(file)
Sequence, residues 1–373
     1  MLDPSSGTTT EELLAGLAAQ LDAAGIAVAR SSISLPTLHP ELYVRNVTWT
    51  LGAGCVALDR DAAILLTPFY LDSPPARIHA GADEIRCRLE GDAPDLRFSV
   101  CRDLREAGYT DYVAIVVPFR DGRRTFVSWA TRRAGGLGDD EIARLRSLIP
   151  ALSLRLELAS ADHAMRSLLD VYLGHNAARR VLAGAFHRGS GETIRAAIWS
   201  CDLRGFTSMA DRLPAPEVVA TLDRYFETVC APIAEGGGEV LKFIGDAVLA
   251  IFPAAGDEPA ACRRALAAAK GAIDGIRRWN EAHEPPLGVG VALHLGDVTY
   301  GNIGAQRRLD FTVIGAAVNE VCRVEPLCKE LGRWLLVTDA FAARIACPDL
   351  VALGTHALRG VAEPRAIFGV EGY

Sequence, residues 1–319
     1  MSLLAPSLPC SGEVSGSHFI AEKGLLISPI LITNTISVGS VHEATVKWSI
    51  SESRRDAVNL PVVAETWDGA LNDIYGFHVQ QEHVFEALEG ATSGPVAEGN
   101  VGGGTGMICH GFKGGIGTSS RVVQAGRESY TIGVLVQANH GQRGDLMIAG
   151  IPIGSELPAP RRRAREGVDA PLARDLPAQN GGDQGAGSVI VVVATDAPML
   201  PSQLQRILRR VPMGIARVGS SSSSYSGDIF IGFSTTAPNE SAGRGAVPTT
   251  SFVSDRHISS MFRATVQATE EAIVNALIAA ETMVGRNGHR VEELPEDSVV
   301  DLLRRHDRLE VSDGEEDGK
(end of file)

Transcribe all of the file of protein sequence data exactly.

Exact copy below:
Sequence, residues 1–373
     1  MLDPSSGTTT EELLAGLAAQ LDAAGIAVAR SSISLPTLHP ELYVRNVTWT
    51  LGAGCVALDR DAAILLTPFY LDSPPARIHA GADEIRCRLE GDAPDLRFSV
   101  CRDLREAGYT DYVAIVVPFR DGRRTFVSWA TRRAGGLGDD EIARLRSLIP
   151  ALSLRLELAS ADHAMRSLLD VYLGHNAARR VLAGAFHRGS GETIRAAIWS
   201  CDLRGFTSMA DRLPAPEVVA TLDRYFETVC APIAEGGGEV LKFIGDAVLA
   251  IFPAAGDEPA ACRRALAAAK GAIDGIRRWN EAHEPPLGVG VALHLGDVTY
   301  GNIGAQRRLD FTVIGAAVNE VCRVEPLCKE LGRWLLVTDA FAARIACPDL
   351  VALGTHALRG VAEPRAIFGV EGY

Sequence, residues 1–319
     1  MSLLAPSLPC SGEVSGSHFI AEKGLLISPI LITNTISVGS VHEATVKWSI
    51  SESRRDAVNL PVVAETWDGA LNDIYGFHVQ QEHVFEALEG ATSGPVAEGN
   101  VGGGTGMICH GFKGGIGTSS RVVQAGRESY TIGVLVQANH GQRGDLMIAG
   151  IPIGSELPAP RRRAREGVDA PLARDLPAQN GGDQGAGSVI VVVATDAPML
   201  PSQLQRILRR VPMGIARVGS SSSSYSGDIF IGFSTTAPNE SAGRGAVPTT
   251  SFVSDRHISS MFRATVQATE EAIVNALIAA ETMVGRNGHR VEELPEDSVV
   301  DLLRRHDRLE VSDGEEDGK